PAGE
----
Silver is the ‘pure metal’, literally as well as figuratively, which has led to its role in popular fiction as the ‘silver bullet’ needed to kill the werewolf (or the ‘beast within’). Because of its antimicrobial qualities, there are a number of silver products available for the prevention and treatment of infection, including silver-infused plasters and colloidal silver spray for throat and other infections. Pure silver can be placed on the Upper Heart Chakra or in the area of the infection during a treatment. Alternatively, if you have no native silver in your toolkit, good quality silver jewellery (without a stone) or a silver coin (not modern – modern coins contain little or no silver) can be used in its place. Silver has long been associated with the moon and the feminine principle, as well as Divine wisdom. Meditate with pure silver, either held or placed on the Third Eye, to connect with goddess energy, your own Divine feminine, or whatever you hold sacred, and place it on the altar during lunar rituals. Its reflective sheen means it is used as the backing for mirrors, and pre-digital photography would have been impossible without the light sensitivity of silver halides – so it is symbolically useful in helping us to ‘see clearly’, and as an aid to deep self-reflection. As it is a transmitter of energy, silver wire is often used in wands to finely direct healing energy, and is sometimes used to make pendulums. I strongly recommend that any jewellery worn for healing purposes is set in pure metal and worn on a pure metal chain, and silver is the best of these (although gold is appropriate as well for different reasons). Silver jewellery is normally 92.5% silver, alloyed with 7.5% copper or other metal to make it less malleable and prone to damage.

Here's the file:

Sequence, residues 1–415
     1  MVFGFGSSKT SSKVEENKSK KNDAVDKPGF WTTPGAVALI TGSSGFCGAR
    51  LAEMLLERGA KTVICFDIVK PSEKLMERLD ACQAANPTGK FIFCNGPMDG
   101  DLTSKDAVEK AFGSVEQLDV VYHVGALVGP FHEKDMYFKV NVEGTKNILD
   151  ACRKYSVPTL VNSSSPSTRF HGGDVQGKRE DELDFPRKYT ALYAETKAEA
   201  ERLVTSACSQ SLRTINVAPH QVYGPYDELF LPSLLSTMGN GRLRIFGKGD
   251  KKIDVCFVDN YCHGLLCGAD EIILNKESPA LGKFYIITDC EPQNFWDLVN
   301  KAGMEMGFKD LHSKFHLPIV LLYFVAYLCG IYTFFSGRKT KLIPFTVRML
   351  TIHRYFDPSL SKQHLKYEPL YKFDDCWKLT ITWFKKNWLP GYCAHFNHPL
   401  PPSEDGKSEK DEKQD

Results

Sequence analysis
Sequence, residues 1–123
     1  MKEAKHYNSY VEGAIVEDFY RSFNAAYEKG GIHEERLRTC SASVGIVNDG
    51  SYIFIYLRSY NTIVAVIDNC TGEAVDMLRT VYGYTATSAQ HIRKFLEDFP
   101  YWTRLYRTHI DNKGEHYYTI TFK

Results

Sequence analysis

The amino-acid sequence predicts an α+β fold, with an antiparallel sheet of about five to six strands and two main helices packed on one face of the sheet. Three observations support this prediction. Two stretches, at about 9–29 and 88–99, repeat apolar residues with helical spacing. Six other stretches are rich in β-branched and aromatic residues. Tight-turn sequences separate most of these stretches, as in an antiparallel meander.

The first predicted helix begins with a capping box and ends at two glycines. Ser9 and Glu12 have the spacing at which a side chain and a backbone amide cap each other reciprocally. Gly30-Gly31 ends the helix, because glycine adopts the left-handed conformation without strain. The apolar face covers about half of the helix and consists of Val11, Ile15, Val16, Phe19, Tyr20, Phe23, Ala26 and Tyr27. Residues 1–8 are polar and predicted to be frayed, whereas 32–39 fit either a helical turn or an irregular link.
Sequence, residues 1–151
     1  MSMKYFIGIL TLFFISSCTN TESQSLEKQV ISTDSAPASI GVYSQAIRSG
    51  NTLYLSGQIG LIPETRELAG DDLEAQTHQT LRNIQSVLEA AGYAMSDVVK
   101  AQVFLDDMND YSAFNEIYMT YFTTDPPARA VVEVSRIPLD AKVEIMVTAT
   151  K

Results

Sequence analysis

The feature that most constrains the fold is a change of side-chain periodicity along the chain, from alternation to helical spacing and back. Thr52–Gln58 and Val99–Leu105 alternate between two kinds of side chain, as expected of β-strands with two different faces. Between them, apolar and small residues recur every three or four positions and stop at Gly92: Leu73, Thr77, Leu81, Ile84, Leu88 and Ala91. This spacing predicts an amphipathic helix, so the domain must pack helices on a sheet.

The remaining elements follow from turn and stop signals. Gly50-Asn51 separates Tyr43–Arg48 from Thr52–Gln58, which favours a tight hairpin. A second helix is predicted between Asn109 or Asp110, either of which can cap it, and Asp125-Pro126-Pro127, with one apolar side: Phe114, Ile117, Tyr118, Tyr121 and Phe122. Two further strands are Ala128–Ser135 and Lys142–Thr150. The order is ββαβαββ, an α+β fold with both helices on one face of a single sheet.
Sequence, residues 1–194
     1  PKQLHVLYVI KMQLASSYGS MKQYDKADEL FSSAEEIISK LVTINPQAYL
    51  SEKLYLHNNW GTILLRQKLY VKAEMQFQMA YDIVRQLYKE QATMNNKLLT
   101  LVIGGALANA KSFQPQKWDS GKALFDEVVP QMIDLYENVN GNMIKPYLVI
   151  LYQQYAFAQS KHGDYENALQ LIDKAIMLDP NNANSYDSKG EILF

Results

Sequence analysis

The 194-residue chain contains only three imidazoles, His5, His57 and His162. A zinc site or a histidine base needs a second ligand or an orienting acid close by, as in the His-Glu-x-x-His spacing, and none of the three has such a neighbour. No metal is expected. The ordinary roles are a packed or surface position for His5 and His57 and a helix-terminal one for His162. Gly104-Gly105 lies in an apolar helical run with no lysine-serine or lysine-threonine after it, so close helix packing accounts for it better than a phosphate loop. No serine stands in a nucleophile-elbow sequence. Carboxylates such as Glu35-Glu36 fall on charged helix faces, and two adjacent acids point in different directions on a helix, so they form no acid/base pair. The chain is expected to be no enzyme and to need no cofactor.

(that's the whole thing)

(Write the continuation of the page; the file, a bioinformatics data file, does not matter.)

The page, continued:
• Chemical Formula: Ag
  • Birthstone: : Secondary birthstone for Cancer and Aquarius
  • Chakra: Crown


    Silver is widely distributed in nature, but relatively rare. It occurs primarily in hydrothermal veins, and is often associated with copper. It tarnishes with a thin layer of black acanthite (silver sulphide) when exposed to sulphurous compounds, and apparently did not tarnish when exposed to air until the Industrial Revolution, when the air became laden with sulphurous pollutants. Crystals are not common, but when they form they are cubic, octahedral or dodecahedral. Silver also forms as aggregates and dendritically, often as elongated herring bone twins and wires. It is most often mined as a by-product of the refining of lead, zinc and copper, but is also mined from native deposits. Of all metals, silver has the highest thermal and electrical conductivity – even higher than copper – and would be more widely used in the electrical industry if it wasn’t for cost. It is still used in high-end audio equipment and printed electrical circuits. Its use in coinage closely followed that of gold, and it is highly valued in decorative and functional objects, as well as jewellery. Silver’s other main industrial use has been in photography, and it is also a medium for high-end musical instruments, particularly flutes.

Native Silver

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